2 What is the case, the fact, is the existence of states of affairs.
Black (p. 39) says that it might be better to speak of the holding of a fact than the existence of a fact. He prefers ‘atomic fact’ for Sachverhalt. A Sachverhalt is “the objective counterpart of an unanalysable contingent truth (see, for instance, 4.2211)” (pp. 39-40). However, Black notes, Wittgenstein uses Sachverhalt in seemingly inconsistent ways. E.g. most of the time he uses it to mean an actual combination of objects, but he also sometimes uses it to mean a combination that does not exist (e.g. at 2.06 and 4.3). Stenius (p. 31) says that “a Sachverhalt is something that could possibly be the case,” but 2.0124 talks of possible Sachverhalte, which would be odd in that case. (This objection is Black’s, as is the page reference in Stenius.) Black argues (pp. 41-45) quite convincingly that Sachverhalte should be understood as facts rather than possibilities, at least most of the time.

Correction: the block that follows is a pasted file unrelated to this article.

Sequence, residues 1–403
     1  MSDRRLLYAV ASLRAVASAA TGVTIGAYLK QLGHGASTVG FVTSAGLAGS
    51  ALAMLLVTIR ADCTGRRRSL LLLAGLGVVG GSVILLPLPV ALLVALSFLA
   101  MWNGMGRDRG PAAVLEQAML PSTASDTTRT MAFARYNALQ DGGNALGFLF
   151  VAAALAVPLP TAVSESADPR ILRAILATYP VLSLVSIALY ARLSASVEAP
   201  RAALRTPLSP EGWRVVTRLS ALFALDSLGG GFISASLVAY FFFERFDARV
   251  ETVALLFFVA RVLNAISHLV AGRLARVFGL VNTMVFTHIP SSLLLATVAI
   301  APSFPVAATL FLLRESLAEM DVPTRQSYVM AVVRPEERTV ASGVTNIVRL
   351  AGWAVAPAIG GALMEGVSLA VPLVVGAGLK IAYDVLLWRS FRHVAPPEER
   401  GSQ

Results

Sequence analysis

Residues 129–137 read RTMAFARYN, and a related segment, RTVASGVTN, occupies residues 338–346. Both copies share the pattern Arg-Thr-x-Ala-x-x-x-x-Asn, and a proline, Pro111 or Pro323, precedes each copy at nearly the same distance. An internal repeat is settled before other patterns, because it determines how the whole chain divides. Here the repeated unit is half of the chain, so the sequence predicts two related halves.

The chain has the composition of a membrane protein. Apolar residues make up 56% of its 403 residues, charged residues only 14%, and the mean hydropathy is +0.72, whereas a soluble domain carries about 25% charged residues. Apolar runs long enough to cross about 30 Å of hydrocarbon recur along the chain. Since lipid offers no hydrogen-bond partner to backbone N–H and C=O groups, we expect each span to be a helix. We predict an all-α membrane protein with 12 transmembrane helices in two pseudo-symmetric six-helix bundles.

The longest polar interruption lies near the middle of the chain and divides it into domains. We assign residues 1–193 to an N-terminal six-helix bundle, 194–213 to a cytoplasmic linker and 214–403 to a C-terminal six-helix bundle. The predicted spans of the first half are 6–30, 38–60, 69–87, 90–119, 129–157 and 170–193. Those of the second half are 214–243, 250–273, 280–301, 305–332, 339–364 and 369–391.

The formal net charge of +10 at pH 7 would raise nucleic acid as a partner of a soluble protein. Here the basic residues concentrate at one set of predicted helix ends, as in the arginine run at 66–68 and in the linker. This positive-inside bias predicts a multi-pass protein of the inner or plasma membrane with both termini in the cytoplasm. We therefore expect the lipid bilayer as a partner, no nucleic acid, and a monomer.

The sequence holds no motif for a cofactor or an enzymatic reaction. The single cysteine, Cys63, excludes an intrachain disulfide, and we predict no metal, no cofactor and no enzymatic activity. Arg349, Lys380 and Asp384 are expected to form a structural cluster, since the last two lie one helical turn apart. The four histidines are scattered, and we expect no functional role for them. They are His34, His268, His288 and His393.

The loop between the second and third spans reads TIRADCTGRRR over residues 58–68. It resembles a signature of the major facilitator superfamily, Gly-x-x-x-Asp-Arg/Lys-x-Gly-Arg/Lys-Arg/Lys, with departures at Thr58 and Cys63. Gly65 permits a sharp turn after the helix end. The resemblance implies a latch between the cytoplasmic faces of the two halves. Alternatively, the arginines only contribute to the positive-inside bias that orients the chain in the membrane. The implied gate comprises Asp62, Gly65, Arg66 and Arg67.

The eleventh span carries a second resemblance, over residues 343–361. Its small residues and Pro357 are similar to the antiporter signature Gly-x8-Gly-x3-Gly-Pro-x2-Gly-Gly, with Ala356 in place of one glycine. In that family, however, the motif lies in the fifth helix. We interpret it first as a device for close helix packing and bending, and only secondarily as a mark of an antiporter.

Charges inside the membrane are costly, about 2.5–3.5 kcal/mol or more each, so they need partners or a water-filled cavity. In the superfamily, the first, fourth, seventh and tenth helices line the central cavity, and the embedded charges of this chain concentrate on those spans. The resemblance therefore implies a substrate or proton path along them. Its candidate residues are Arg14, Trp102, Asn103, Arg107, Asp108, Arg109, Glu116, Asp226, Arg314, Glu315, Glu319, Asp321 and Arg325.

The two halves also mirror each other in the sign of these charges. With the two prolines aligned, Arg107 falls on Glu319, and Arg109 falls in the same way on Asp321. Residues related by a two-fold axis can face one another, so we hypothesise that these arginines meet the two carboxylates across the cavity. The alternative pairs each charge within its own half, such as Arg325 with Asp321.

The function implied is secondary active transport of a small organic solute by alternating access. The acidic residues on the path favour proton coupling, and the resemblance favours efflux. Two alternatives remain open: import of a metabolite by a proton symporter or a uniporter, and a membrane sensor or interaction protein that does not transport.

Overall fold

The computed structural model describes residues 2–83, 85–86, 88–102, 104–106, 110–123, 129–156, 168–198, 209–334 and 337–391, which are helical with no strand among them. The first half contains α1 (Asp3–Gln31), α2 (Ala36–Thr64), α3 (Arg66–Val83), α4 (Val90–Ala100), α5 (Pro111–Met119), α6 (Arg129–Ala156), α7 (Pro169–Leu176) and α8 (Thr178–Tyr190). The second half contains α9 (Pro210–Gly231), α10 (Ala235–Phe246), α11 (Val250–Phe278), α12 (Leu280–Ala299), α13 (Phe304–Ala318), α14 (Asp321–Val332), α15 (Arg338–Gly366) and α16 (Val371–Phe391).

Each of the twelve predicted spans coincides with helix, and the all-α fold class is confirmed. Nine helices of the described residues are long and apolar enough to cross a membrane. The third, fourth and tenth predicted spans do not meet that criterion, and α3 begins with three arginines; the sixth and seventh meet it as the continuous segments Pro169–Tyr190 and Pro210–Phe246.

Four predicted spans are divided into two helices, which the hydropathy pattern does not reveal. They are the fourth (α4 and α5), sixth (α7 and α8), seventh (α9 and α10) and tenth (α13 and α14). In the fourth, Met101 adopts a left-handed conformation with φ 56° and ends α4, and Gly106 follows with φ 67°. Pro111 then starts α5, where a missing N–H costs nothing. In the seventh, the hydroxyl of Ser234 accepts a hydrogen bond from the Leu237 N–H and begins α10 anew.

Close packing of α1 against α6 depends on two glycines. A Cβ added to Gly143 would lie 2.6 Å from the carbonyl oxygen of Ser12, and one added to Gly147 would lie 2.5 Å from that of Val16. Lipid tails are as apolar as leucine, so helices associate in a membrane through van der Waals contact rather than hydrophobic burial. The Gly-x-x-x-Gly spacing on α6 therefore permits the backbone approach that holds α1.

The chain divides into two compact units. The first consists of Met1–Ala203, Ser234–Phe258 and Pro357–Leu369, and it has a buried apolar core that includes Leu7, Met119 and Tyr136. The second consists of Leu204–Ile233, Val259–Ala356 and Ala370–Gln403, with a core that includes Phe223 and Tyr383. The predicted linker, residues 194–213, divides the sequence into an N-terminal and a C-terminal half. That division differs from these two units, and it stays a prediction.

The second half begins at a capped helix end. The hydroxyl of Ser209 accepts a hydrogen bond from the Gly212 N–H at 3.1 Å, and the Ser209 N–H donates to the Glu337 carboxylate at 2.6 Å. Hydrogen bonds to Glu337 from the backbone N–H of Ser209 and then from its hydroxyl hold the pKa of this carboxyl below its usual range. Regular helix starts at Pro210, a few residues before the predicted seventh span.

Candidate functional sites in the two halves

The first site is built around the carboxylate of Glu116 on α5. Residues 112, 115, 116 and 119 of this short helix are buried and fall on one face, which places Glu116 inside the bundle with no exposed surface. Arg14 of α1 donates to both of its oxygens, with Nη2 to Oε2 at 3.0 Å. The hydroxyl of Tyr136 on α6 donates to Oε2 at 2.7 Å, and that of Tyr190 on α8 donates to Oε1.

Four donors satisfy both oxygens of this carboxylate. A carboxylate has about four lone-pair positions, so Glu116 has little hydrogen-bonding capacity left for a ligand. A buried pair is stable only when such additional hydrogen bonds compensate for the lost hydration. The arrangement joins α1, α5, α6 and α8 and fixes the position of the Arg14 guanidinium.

My original comment: This seems odd. Shouldn't it be "the existence of a [or the] state of affairs"? Or is the fact that states of affairs exist? Is the world the existence of states of affairs? Or is it the totality of the existences of states of affairs, whatever that might mean? I think the idea is that a fact is the existence of a state of affairs. But why not: a fact is a state of affairs? So far we seem to have got either nowhere at all or else no further than 1. Perhaps the obvious ambiguity or (potential for) confusion is designed to make us attend to definitions, to look carefully for clear understanding.